In Other News

Barack Obama Meets The Man.
          Hey boy you better know your place
          Or you will soon feel the rath of my evil
          Now you can go Barack
Guardian U.K.

White House Won't Release Gonzales Papers

Breaking News

A damn fine reporter Challengers are go (Keith Olbermann)
New York Nothing is in writing and daybreak is a long way away, but it appeared all but certain in early evening Wednesday that House Democrats had secured the support of up to half a dozen Senators to formally challenge the Electoral College slate from Ohio, when the votes are opened before a joint session of Congress tomorrow.
Congressional sources tell this reporter that the house half of the written objection which has the declared support of more than a dozen Representatives is expected to be signed by Representative Stephanie Tubbs Jones of Ohio. Republican leadership expects the Senate signatory to be Barbara Boxer of California, but this has not yet been formalized. The Majority is also worried about the possible absence of many of its members in both houses, and the prospect that a quorum might not be achieved, leading the process into uncharted, albeit not very threatening, constitutional grounds. There is a mathematical, if not practical, chance that the ratification of the Electoral College vote could be delayed past tomorrow.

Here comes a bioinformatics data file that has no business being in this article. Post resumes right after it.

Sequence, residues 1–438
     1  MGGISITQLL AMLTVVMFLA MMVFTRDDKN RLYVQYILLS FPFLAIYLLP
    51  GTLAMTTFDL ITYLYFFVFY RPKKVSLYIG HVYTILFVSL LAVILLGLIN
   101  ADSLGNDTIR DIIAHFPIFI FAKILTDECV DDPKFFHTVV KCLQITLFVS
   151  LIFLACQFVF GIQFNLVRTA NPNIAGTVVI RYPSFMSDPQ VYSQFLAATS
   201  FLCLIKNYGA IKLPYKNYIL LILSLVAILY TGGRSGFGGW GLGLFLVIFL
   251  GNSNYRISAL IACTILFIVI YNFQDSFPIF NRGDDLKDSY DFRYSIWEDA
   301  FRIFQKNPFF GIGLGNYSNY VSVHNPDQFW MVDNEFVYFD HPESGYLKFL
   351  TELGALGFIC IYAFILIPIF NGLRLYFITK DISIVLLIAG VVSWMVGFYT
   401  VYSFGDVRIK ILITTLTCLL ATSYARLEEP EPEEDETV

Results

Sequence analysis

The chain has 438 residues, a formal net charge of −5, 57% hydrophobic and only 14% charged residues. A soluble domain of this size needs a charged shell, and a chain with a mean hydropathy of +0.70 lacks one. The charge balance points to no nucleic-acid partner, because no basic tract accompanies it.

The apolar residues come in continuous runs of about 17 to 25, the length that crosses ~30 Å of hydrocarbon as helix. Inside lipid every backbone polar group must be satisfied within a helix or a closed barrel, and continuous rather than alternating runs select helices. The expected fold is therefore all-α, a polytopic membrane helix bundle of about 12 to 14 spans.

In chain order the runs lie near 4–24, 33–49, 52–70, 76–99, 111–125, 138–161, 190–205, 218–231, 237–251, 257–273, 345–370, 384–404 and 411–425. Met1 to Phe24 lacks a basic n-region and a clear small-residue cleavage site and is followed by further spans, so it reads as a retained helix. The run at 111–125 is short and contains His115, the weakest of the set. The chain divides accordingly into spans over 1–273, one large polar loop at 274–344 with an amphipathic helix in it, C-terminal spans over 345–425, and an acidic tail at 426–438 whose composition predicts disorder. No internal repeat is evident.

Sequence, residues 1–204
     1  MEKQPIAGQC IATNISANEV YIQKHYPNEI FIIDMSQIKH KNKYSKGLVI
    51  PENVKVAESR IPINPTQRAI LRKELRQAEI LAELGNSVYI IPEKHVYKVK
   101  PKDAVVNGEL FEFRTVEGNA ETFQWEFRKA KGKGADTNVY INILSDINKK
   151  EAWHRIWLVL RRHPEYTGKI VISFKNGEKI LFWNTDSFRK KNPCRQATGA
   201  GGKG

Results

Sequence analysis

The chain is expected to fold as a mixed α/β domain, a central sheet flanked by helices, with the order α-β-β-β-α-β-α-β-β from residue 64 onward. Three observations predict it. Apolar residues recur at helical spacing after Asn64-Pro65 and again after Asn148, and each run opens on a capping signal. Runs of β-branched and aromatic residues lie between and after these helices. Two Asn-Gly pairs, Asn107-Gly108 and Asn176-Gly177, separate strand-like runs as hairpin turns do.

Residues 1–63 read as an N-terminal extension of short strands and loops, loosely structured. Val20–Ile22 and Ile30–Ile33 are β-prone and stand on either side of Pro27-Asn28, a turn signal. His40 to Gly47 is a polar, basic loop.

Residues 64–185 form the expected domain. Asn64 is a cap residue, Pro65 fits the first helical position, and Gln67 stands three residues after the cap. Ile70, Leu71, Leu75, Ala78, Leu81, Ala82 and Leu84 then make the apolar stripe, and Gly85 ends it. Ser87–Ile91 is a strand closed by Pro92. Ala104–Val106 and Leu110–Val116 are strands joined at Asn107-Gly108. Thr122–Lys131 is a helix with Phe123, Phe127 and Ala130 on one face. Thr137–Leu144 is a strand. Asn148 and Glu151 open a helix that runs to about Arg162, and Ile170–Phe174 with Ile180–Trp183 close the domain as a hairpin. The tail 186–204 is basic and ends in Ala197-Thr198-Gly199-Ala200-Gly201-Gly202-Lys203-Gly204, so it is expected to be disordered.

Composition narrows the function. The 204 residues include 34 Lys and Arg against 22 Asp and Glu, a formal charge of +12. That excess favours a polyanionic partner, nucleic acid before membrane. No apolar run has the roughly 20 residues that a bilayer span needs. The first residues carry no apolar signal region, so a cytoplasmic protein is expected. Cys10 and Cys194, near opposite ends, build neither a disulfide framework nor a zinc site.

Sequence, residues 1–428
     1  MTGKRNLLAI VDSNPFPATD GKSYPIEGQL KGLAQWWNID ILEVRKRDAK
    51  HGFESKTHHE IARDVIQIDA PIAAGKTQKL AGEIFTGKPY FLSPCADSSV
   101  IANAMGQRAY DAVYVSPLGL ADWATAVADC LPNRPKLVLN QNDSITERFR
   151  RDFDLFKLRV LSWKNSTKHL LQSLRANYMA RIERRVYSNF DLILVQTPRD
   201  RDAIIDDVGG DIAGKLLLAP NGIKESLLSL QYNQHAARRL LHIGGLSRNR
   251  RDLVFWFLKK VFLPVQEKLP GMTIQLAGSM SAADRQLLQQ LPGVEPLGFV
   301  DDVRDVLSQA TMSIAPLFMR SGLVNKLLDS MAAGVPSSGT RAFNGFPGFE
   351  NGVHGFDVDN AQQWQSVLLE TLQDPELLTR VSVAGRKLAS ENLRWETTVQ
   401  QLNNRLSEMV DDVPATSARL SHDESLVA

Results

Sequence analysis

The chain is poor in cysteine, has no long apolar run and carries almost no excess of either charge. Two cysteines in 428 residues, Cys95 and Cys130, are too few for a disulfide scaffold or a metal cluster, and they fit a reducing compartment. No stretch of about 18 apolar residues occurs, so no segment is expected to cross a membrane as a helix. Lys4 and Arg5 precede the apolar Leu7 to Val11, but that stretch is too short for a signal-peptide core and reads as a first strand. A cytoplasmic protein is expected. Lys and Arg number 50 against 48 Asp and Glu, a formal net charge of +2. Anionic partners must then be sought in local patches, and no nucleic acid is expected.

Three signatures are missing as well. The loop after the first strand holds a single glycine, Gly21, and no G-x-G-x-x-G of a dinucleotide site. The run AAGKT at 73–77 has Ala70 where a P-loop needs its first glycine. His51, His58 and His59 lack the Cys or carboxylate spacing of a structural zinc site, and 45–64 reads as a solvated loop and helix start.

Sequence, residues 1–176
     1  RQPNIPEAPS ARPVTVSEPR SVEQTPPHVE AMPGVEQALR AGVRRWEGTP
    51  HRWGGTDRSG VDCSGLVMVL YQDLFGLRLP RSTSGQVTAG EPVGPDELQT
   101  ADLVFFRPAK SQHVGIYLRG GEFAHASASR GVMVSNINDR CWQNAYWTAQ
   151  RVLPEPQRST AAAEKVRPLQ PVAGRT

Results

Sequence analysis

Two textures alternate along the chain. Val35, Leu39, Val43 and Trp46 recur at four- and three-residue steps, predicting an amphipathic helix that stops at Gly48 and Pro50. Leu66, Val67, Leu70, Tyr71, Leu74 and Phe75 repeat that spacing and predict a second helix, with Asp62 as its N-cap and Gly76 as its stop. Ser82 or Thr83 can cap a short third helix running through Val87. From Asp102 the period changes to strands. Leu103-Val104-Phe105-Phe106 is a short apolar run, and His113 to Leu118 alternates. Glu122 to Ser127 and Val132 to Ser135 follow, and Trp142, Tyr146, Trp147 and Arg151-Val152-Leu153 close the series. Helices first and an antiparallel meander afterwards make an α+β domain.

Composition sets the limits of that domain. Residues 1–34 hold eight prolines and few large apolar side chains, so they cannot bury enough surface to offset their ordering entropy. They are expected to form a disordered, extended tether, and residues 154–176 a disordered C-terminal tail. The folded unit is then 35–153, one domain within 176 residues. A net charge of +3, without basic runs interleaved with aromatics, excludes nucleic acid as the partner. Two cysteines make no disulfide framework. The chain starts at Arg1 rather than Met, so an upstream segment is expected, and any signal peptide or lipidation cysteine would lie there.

As it is, a written challenge would require the joint session to suspend for several hours, during which the Senate and the House would meet separately and debate the merits of the objection.
The ad hoc group formed by Representative John Conyers of Michigan has also today published its staff report, concluding that before, during, and after the election in Ohio, many state laws may have been broken, in every area ranging from the allocation of voting machines, election day "anomalies," and the recount. It recommended a formal Congressional inquiry, and additional legislation to reform voting laws.
E-mail: KOlbermann@msnbc.com